Earth, where are you? Earth Day finds UC Berkeley professor
searching for what's left
Kathleen Scalise, Media Relations
- How much American soil remains in a pristine, natural state?
Earth Day approaches, a soil scientist at the University of
California, Berkeley, has just been commissioned by a leading
scientific foundation to find out.
hopes to identify soils that he considers relicts in danger
of extinction unless efforts are made to preserve tracts of
land. A relict is a plant or animal species living on in isolation
in a small local area as a survival from an earlier period or
as a remnant of an almost extinct group.
always thought the time you retire is when you worry about preserving
landscapes," said Professor Ronald Amundson, 45, "but I guess
I was wrong."
conceived of the idea of the national virgin soil study when
he was asked to write a chapter on the subject for a geology
book of essays called "The Earth Around Us: Maintaining a Livable
Planet" to be officially published on Earth Day, April 22, by
W. H. Freeman & Company. He discovered in researching his chapter
that quantified data about the nation's undisturbed soil were
not at all discussed by the U.S. Department of Agriculture,"
he said. "I was surprised and pleased that geologists were interested
in this and wanted more information."
endangered soil types are in what Amundson calls "subtle landscapes,"
annual grasslands, desert, tall grass prairie.
are not the kind of places that have typically inspired national
parks, but they are important to preserve regardless of whether
they have mountains or valleys or stunning rock formations,"
he said. "Besides the historical record, the soils harbor a
multitude of microorganisms that we have barely scratched the
surface of understanding. Some early antibiotics came from soil
would be bold to suggest that in only just the little time we've
studied these soils we've got all the answers and we don't need
these soils anymore," he said.
begin the first-ever national study, Amundson joined up with
UC Berkeley ecosystems professor Peng Gong, who specializes
in geographical information analysis. The Kearney Foundation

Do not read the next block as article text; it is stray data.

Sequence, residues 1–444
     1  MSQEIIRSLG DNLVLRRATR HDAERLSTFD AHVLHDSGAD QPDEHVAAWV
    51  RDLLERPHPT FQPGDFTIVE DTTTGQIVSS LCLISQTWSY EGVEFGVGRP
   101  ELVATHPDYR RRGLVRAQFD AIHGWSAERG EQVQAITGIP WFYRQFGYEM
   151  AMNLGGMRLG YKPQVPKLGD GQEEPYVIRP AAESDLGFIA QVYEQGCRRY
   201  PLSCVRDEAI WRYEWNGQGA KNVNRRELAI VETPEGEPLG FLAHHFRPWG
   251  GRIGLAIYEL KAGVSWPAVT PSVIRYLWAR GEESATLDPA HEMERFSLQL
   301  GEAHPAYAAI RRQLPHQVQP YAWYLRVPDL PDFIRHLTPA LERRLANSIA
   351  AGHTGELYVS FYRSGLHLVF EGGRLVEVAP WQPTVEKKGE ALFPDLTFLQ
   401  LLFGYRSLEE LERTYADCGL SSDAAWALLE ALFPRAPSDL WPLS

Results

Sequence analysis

of Soil Science provided about $30,000 for the first year of
two professors are taking the USDA's national digitized map
of original soil surveys and overlaying it with current maps
of agricultural and urban growth.
see what's left when we subtract out human uses of the landscape,"
Amundson said. "We're going to get numbers on things we intuitively
knew. My impression is that there is a very small pool left
of some very important soils."
is a good choice for the task. He and his colleagues have been
studying some of the oldest soils anywhere. A series of terraces
in Wyoming told them, for instance, that summer monsoons once
blew off the Great Plains over high desert, and soil studies
have revealed that global atmospheric carbon dioxide buildup
began not with the burning of fossil fuels, but with the conversion
of prairies and woodlands in the United States and Europe to
most of his career, land preservation was not an area Amundson
worked much in. For almost 20 years, he has been quietly delving
into complex soil chemistry such as carbon cycles and light-isotope
"Soils," he said, "are not usually considered part of the earth
the study of soils has been the domain of agriculture, where
it was studied as the medium to grow crops. Amundson hopes to
change all that and to bring the study of soil to the wider
attention of geology and the earth sciences, where it deserves
a rightful place, he said. The University of California has
its own important role to play in soil preservation, Amundson
said. One of the most interesting natural landscapes left in
California is in and around the site of the new UC Merced campus,
he said, an area with some of the last sweeping vistas of vernal
pools left in the great valley, and an area with the most ancient
soils in California, 3 million-year-old relicts. Amundson said
at first he was quite disturbed about the location of the campus.
now I think maybe it is an opportunity to gather interest in
the area before it disappears under urban development," he said.
"Maybe it presents an opportunity to set aside some of the land
and keep it forever. It could be sort of an outdoor classroom,
a natural lab. I think it is very interesting that UC faculty,
particularly the biologists, are beginning to pick up on the
fact that this is a very precious area."
describe how soil can become extinct, Amundson told the story
of the infamous San Joaquin soil, which in 1997 was named the
official California "state soil." The most prevalent soil in
the state, it has been long loathed by farmers and homeowners
alike for its "hardpan," a layer of impenetrable mineralized
clay three feet below the surface.
spent a century first trying to blow it up with dynamite and
then rip it open with tractors," Amundson said. Now, undisturbed
San Joaquin soil is so rare, Amundson said he can hardly find
it. When it was named the state soil, after most of it already
was destroyed, even the San Francisco Examiner couldn't resist
a stab at the irony of it."
doesn't come along every day for dirt," the Examiner said. "...Let's
just hope that the Official State Dirt doesn't emulate the Official
State Animal, the grizzly bear, which hasn't been seen in California